So here I am, coming to you live from my 2009 MacBook which I feel lucky to own and still be able to use, and also totally silly for not having replaced a couple of years ago when I had more money saved. Oh, well. Maybe you can guess by the tone of this that I think a lot, and regret stuff when I feel down, and it's a sucky spiral to get caught up in. But never mind all of that. I feel a need to share some of what I've learned in my 29 years on this planet. I'm also interested in getting better at writing, and I cringe a little bit when I read the stuff I wrote a couple of years ago (but that's a good thing, right? Means you're evolving). So, you're about to read some of that said "stuff" below.
About two years ago, I was working full-time at a YouTube management company in Los Angeles. My boss hired me to be an editor for a new "online magazine" she was launching that centered on mainly female YouTubers in the beauty/style space. Everything felt very shiny and official, like I was moving up in the world. I used quotation marks back there because I found the whole operation to be pretty unfocused, and personally thought that creating a WordPress site and throwing up listicles does not automatically make you a magazine. Was I drawn to the pay raise and the office location more than the actual job itself? Yes, guilty. Did I go for it anyway on the off chance that this was actually a cool initiative I'd regret passing on? Of course.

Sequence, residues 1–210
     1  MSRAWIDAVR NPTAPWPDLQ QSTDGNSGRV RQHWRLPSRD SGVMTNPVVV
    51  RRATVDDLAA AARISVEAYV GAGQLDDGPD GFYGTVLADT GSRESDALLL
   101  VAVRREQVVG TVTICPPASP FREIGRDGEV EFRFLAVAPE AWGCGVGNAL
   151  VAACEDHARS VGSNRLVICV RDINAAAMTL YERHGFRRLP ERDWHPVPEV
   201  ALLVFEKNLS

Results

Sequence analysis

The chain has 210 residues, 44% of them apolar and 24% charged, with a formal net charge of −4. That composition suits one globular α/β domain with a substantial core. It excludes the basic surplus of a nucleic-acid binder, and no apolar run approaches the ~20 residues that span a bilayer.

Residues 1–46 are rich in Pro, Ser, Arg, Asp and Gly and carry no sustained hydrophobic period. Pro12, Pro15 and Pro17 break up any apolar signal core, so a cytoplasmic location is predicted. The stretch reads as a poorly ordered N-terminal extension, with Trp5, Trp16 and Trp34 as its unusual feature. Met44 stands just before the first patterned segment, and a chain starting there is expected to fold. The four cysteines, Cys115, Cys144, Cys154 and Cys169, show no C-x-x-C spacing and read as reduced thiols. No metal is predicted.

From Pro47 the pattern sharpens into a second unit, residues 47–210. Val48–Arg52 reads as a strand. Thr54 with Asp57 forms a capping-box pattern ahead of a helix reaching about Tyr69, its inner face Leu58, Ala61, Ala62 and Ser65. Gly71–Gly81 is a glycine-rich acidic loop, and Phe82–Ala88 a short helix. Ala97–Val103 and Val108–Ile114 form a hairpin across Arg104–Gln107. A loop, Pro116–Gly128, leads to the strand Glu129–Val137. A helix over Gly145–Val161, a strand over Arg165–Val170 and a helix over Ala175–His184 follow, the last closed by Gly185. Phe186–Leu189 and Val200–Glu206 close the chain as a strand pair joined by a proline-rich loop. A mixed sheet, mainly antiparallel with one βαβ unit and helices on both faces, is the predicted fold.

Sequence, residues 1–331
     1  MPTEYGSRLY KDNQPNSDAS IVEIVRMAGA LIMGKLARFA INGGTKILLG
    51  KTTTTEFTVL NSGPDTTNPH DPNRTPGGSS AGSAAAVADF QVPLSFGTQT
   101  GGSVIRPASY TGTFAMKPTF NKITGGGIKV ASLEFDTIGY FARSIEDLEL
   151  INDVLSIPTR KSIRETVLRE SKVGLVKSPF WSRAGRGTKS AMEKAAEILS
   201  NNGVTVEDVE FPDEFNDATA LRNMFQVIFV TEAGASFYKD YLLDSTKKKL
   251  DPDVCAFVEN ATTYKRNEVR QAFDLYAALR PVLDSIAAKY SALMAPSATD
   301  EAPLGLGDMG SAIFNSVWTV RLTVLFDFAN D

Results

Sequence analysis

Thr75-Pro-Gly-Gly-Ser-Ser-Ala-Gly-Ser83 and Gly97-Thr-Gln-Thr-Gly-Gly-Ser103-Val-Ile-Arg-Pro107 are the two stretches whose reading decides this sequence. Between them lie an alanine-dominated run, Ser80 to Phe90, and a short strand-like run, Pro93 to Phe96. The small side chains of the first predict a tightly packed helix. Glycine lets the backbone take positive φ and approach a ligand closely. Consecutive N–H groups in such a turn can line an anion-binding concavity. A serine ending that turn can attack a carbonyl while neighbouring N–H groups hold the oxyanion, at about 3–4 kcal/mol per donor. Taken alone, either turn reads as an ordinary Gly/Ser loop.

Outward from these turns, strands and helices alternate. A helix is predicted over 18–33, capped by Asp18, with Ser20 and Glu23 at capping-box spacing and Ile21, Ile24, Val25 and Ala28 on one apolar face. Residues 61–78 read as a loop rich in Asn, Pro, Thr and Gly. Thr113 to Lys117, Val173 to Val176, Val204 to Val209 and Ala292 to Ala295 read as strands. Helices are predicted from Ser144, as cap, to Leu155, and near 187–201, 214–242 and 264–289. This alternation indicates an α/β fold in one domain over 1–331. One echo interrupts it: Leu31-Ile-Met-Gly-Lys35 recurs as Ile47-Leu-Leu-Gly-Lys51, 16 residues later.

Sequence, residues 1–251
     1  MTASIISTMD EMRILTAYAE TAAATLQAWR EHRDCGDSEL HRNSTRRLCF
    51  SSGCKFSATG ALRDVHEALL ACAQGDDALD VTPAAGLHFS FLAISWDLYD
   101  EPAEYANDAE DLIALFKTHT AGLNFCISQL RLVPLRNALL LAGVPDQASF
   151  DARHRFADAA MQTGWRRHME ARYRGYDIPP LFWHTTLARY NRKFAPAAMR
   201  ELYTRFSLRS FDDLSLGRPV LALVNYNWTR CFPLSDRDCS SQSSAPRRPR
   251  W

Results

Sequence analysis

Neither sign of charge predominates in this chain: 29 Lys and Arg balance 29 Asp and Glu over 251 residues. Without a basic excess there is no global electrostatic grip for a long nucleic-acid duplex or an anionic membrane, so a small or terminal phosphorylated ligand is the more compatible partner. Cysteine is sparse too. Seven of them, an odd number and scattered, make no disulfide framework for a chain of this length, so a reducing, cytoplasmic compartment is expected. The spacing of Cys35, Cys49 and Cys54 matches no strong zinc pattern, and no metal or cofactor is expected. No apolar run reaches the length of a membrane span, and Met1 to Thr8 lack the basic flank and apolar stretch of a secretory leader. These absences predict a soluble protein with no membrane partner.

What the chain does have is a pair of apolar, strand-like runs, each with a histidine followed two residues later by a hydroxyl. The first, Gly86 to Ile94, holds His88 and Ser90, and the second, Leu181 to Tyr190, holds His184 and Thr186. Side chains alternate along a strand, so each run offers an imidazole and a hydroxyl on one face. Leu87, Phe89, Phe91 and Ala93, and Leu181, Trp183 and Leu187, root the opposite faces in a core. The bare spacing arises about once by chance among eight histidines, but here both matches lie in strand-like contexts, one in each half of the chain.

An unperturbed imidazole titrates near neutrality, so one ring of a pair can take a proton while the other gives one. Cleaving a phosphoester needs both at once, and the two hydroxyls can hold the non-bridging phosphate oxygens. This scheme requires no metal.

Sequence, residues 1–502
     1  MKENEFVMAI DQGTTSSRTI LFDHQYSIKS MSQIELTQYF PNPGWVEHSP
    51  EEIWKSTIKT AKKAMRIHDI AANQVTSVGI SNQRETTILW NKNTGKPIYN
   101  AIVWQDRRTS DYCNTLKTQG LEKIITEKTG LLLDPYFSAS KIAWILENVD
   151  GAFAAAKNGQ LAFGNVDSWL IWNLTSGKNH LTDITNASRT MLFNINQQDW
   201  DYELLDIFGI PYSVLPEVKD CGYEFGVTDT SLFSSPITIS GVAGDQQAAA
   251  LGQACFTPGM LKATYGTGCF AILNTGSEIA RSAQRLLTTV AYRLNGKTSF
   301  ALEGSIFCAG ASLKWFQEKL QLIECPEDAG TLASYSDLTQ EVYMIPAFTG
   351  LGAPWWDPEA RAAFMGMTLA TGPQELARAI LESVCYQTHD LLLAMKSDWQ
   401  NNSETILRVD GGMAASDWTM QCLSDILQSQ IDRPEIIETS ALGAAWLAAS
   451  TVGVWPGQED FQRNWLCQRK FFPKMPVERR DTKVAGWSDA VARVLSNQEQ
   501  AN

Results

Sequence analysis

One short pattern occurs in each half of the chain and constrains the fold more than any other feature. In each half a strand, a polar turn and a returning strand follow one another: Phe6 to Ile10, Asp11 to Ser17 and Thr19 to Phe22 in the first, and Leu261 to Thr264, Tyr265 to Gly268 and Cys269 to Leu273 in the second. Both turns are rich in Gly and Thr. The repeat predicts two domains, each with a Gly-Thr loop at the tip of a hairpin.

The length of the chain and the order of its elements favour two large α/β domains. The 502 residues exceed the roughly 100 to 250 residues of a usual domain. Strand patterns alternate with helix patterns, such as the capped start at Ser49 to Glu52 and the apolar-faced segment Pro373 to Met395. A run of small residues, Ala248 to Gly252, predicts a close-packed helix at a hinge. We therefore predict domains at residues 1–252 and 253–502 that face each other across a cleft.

Needless to say, I felt really unsatisfied at that job and it wasn't until I got fired (more on that later) that I started taking the time to get to know myself better. I guess that's a lifelong process because there's still so much that I don't know. We all have in us an incredible amount of potential, I believe, and I frustrate myself when I can feel my potential bubbling up and I let it simmer back down.
After getting fired, instead of plummeting into a pit of despair (well, I did that a little), I started getting more serious about writing songs. I'd been playing guitar since college and had written a few here and there, but they weren't great, and it was something I'd always thought about taking more seriously. I had in my mind an idea of Nashville as this magical place where people get to go to work everyday and literally sit in a room writing songs together. And I thought to myself, "I know I could be great at this if I just devote the time and commitment." So that's what I started doing.